A new international study involving the University of Liverpool reveals how the evolution of powerful vision was shaped by an improved oxygen supply to the eyes.
Keen eyesight in vertebrates – from fish to birds and mammals – relies on large eyes and thick retinas. Yet the visual process is energetically costly and the high oxygen demand of thick retinas is difficult to meet by the conventional oxygen supply mechanism through blood vessels just behind the retina.
In a study published in eLife, a team of researchers from 15 institutions led by the University of Aarhus and the University of Liverpool has explored the physiological requirements for the evolution of improved eyesight. Their findings uncover a fascinating pattern of mechanisms to improve retinal oxygen supply that evolved in concert with enhanced retinal morphology to improve vision.
The study took advantage of the diversity in form and function among eyes from 87 animal species. By mapping the characteristics of their eyes onto the species’ tree of life, the researchers unravelled the evolutionary history of the eye from a 425 million-year-old extinct ancestor of modern vertebrates to current day animals. They identified three distinct physiological mechanisms for retinal oxygen supply that are always associated with improved vision.
The first mechanism is present in many fishes and involves mutations in haemoglobin that were associated with the ability to deliver oxygen to the retina at exceptionally high concentrations to overcome the long diffusion distance to the retinal cells. This mechanism was subsequently lost several times, possibly to avoid oxidative damage and gas bubble formation in the eye. Secondly, oxygen delivery could be improved by blood vessels supplying oxygen from the front of the retina or, thirdly, even directly from within the retina, which, however, can obstruct the light path to the retinal photoreceptor cells.
These different trade-offs to retinal oxygen supply appear to be acceptable in the presence of the improved visual power available when the thickness of the retina was allowed to increase.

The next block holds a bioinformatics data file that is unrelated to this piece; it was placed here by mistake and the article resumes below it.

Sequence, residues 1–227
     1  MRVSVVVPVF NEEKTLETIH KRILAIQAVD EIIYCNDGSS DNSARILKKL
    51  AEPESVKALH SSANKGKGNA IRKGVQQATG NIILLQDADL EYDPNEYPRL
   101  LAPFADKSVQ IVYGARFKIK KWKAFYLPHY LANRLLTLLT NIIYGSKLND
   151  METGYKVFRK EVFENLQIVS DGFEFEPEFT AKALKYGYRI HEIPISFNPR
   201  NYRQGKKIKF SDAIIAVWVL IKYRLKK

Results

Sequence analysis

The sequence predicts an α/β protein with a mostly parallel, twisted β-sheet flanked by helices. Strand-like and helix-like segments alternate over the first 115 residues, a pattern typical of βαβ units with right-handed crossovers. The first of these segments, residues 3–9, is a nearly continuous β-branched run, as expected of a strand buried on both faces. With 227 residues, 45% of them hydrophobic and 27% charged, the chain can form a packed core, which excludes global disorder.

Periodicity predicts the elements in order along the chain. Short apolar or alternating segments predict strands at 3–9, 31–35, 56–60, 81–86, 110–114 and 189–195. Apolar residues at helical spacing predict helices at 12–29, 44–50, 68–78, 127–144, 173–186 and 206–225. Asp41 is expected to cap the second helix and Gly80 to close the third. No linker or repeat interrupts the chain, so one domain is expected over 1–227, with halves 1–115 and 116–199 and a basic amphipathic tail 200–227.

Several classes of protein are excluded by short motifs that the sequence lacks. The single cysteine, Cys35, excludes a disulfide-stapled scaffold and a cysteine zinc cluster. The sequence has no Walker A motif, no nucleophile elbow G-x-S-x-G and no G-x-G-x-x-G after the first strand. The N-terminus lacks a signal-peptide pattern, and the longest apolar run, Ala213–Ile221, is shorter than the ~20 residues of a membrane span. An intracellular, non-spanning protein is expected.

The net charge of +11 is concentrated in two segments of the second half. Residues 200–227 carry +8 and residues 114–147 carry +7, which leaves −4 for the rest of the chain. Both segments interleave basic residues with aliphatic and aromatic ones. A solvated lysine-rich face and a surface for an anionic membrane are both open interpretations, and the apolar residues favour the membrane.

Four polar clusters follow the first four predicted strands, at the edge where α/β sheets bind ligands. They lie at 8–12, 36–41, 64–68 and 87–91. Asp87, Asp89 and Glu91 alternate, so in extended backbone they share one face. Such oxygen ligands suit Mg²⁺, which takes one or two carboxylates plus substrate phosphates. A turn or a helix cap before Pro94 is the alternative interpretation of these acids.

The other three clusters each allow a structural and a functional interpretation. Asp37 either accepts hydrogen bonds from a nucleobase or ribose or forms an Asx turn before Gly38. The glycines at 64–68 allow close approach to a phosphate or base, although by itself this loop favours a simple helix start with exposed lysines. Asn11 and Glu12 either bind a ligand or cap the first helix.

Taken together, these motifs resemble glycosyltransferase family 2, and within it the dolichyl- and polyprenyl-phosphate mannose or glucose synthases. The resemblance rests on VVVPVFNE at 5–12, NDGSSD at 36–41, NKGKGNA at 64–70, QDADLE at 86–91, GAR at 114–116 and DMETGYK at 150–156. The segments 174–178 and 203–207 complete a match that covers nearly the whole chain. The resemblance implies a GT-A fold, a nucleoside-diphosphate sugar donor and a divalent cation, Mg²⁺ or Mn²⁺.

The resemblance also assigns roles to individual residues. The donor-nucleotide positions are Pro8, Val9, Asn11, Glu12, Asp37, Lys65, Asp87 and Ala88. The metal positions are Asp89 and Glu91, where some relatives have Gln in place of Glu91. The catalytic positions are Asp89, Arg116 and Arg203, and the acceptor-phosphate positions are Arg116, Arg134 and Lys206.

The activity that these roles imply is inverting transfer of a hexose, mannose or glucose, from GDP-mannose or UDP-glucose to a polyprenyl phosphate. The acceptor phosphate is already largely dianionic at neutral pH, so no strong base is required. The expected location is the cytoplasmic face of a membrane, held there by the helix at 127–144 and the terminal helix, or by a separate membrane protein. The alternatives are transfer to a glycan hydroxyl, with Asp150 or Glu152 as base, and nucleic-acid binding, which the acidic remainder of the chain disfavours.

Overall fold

The study applied state-of-the-art high-frequency ultrasound, micro-computerised tomography (CT), and magnetic resonance imaging (MRI) techniques used in medical research, to unravel the blood supply mechanisms in some very small eyes or in exceptional museum specimens, such as the eye of the living fossil ‘old fourlegs’ or coealacanth (Latimeria chalumnae).
“It was particularly rewarding to be able to collaborate with this team of comparative animal physiologists and medics and help them to reconstruct the evolution of physiological characteristics on the vertebrate family tree,” says Liverpool’s Dr Michael Berenbrink, one of the three senior authors of the study.
“Our conclusions are supported by some natural knockouts, such as Antarctic icefishes, which have lost haemoglobin in their blood and evolved a supplemental retinal oxygen supply mechanism of pre-retinal capillaries, or Mexican cavefishes, which have rudimentary eyes and consequently get by with haemoglobins that are less efficient for retinal oxygen supply,” Dr Berenbrink continues.
Overall, the study shows that adaptations to ensure oxygen delivery to the retina were a physiological prerequisite for the functional evolution of the eye, illustrating the importance of a thorough knowledge of physiological mechanisms for understanding the evolution of complex structures.
Image: Networks of blood vessels in the retina of a goldfish. The retinal blood supply is divided into separate layers. Capillaries on the outer side of the retina (red and pink), capillaries on the inner side of the retina (purple and blue), and capillaries inside the retina (not found in the goldfish).
The study ‘Retinal oxygen supply shaped the functional evolution of the vertebrate eye’ is published in eLife. https://doi.org/10.7554/eLife.52153